My object in this article will not be to follow the old beaten path in an essay on the subject of pneumonia. Every standard author on the practice of medicine has furnished us with his chapter, while almost countless monographs have appeared on this subject. While there is almost universal consent and agreement given to our teaching upon the subject of pneumonia and its treatment as a whole, yet upon some vital points there is not such happy accord and harmony. While it would be profitless to attempt a review of our vast literature upon this subject or compile an essay therefrom, yet a few moments spent in the discussion of some doubtful points in regard to which there still exist diverse and conflicting opinions, may yield results of practical importance.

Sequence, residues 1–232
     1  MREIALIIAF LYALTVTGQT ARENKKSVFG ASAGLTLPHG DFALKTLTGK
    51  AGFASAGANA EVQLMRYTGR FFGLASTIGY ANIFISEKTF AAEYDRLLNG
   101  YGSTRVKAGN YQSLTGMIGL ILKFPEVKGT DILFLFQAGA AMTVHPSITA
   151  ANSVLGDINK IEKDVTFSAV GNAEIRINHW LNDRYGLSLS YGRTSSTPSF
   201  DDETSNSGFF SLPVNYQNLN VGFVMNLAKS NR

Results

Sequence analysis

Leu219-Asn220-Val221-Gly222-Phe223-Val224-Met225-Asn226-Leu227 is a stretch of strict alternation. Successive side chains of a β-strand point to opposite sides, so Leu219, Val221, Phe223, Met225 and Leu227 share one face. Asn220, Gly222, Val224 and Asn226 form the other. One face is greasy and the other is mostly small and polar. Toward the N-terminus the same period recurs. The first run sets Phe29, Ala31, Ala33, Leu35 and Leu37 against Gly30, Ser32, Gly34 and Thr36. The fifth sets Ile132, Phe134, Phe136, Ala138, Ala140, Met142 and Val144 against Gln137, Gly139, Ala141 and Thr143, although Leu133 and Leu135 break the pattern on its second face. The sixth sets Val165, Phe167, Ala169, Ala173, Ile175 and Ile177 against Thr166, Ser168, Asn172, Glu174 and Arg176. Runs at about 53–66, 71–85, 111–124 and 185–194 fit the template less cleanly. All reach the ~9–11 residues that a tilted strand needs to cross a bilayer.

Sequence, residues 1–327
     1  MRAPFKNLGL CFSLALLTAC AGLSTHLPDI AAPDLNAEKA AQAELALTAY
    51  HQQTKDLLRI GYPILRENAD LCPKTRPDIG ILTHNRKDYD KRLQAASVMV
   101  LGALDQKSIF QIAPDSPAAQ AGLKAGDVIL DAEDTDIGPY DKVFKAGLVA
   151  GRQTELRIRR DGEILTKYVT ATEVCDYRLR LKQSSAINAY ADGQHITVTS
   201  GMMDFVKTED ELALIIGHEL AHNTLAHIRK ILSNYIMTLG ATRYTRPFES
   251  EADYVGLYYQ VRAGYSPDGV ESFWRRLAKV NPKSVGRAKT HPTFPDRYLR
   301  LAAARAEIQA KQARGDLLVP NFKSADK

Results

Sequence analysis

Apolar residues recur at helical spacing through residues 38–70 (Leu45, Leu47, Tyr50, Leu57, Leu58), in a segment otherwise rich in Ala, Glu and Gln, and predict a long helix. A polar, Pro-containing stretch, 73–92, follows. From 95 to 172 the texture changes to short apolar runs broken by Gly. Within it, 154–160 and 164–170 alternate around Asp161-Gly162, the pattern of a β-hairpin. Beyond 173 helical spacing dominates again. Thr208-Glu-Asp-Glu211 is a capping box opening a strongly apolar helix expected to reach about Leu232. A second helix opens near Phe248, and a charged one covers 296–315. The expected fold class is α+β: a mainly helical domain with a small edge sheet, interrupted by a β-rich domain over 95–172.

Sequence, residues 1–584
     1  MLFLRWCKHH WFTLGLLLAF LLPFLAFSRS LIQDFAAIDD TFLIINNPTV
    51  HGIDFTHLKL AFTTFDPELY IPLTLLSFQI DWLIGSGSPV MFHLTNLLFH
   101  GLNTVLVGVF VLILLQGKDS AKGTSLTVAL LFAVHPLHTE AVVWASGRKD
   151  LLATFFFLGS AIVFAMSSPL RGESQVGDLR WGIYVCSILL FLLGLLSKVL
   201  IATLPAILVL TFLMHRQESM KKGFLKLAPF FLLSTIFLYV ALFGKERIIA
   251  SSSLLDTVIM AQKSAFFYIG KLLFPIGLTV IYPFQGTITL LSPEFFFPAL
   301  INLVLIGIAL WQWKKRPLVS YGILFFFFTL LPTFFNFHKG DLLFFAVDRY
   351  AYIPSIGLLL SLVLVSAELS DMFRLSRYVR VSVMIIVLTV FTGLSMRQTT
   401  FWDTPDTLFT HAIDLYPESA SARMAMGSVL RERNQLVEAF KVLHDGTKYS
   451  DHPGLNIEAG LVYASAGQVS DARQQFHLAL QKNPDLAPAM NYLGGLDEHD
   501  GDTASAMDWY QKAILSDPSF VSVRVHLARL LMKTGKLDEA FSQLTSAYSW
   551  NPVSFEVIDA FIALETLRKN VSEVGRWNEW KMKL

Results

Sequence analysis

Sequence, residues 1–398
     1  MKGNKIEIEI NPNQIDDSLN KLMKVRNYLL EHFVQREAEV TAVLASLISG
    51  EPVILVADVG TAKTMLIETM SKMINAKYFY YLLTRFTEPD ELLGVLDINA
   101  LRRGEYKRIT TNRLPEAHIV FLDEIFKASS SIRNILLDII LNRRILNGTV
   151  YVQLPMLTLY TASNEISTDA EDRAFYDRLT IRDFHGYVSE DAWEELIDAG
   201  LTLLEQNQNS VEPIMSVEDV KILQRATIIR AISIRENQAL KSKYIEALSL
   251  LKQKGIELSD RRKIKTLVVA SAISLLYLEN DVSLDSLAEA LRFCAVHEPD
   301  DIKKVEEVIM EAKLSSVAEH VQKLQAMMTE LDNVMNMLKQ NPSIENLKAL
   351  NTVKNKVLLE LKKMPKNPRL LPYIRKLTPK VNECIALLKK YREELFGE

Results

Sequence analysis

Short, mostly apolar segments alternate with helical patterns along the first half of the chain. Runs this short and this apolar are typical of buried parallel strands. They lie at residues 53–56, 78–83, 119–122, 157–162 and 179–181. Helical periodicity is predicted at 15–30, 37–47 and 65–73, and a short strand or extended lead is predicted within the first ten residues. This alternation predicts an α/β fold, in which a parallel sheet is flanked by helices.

First, is pneumonia simply an inflammation of lung tissue, purely local, or is it a constitutional disease with this